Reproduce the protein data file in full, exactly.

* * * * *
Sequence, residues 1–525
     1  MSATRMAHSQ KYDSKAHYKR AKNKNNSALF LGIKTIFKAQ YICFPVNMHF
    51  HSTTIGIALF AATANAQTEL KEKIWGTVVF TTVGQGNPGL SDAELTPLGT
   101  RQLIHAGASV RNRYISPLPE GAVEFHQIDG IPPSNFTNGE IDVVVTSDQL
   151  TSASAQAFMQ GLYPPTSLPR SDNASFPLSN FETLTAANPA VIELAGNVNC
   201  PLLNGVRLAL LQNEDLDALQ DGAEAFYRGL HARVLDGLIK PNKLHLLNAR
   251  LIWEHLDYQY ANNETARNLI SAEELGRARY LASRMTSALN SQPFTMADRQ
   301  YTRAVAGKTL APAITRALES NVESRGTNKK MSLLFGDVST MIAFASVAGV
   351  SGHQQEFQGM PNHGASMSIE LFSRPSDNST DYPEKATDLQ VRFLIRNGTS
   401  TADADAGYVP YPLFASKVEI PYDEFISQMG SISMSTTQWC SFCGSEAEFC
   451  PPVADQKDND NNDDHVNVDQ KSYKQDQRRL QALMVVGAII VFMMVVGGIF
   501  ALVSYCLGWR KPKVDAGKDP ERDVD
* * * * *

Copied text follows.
Sequence, residues 1–525
     1  MSATRMAHSQ KYDSKAHYKR AKNKNNSALF LGIKTIFKAQ YICFPVNMHF
    51  HSTTIGIALF AATANAQTEL KEKIWGTVVF TTVGQGNPGL SDAELTPLGT
   101  RQLIHAGASV RNRYISPLPE GAVEFHQIDG IPPSNFTNGE IDVVVTSDQL
   151  TSASAQAFMQ GLYPPTSLPR SDNASFPLSN FETLTAANPA VIELAGNVNC
   201  PLLNGVRLAL LQNEDLDALQ DGAEAFYRGL HARVLDGLIK PNKLHLLNAR
   251  LIWEHLDYQY ANNETARNLI SAEELGRARY LASRMTSALN SQPFTMADRQ
   301  YTRAVAGKTL APAITRALES NVESRGTNKK MSLLFGDVST MIAFASVAGV
   351  SGHQQEFQGM PNHGASMSIE LFSRPSDNST DYPEKATDLQ VRFLIRNGTS
   401  TADADAGYVP YPLFASKVEI PYDEFISQMG SISMSTTQWC SFCGSEAEFC
   451  PPVADQKDND NNDDHVNVDQ KSYKQDQRRL QALMVVGAII VFMMVVGGIF
   501  ALVSYCLGWR KPKVDAGKDP ERDVD